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Andrew Clement, Nestor Matthews; Attentional Volleying Across Visual Quadrants. Journal of Vision 2015;15(12):1238. doi: 10.1167/15.12.1238.
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© ARVO (1962-2015); The Authors (2016-present)
Introduction: In 1937, Ernest Wever and Charles Bray proposed the Volley Theory to explain how comparatively sluggish neural firing rates might register high auditory frequencies. The theory posits that distinct neural ensembles synchronize at various temporal phases to increase an organism’s temporal precision. This neural-ensemble volleying might more broadly be construed as a general neural principle that helps organisms solve time-based problems via biologically manageable episodes. Here, we investigated whether neural resources that govern attention to each visual quadrant might volley to improve temporal precision beyond the canonical ~7.5 Hz limit (VanRullen, Carlson & Cavanagh, 2007). Method: Denison University undergraduates viewed four-stream RSVP displays containing two targets (T1 and T2) and reported the identities of both targets on each trial. Randomly across trials, the four streams flashed either synchronously at 7.5 Hz, or asynchronously with new information occurring at 7.5 Hz per quadrant, 15 Hz per lateral hemifield, and 30 Hz globally. In a flicker-discrimination control experiment, participants viewed 4-stream displays presented simultaneously or in quadrature phase at 15 or 30 Hz, and reported whether the streams flashed synchronously or asynchronously. Results: The synchronous and asynchronous conditions generated statistically indistinguishable, near-ceiling T1-identification accuracy despite the asynchronous condition’s 30 Hz global presentation rate, i.e., four times the canonical ~7.5 Hz attention rate. Similarly, the asynchronous condition reduced T2|T1 accuracy by just 4.5 percentage points, a cost only half that associated with the moving T2 from the left to right visual field. These null and small effects occurred even though participants reliably discriminated synchronous from asynchronous displays at 15 and 30 Hz. Conclusion: Our experiments reveal accurate visual attention for spatially distributed targets presented at four times the canonical ~7.5 Hz limit. This supports the possibility that the neural events governing attention to each visual quadrant volley to improve attention’s temporal precision.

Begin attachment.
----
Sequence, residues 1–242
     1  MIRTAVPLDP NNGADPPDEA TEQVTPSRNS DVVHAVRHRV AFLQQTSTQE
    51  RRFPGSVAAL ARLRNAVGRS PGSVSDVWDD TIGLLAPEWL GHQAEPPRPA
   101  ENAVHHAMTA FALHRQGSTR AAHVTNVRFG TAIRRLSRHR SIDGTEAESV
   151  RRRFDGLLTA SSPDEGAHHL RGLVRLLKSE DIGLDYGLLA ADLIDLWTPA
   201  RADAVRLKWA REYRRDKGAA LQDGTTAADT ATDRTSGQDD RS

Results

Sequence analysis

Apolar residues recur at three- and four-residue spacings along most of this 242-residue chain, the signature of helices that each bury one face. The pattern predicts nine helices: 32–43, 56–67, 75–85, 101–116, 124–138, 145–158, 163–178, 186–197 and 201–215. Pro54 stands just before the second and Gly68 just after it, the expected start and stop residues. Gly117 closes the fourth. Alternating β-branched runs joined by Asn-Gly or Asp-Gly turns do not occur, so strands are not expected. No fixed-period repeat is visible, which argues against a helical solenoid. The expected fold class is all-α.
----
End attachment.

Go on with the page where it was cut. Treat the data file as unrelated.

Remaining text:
Meeting abstract presented at VSS 2015
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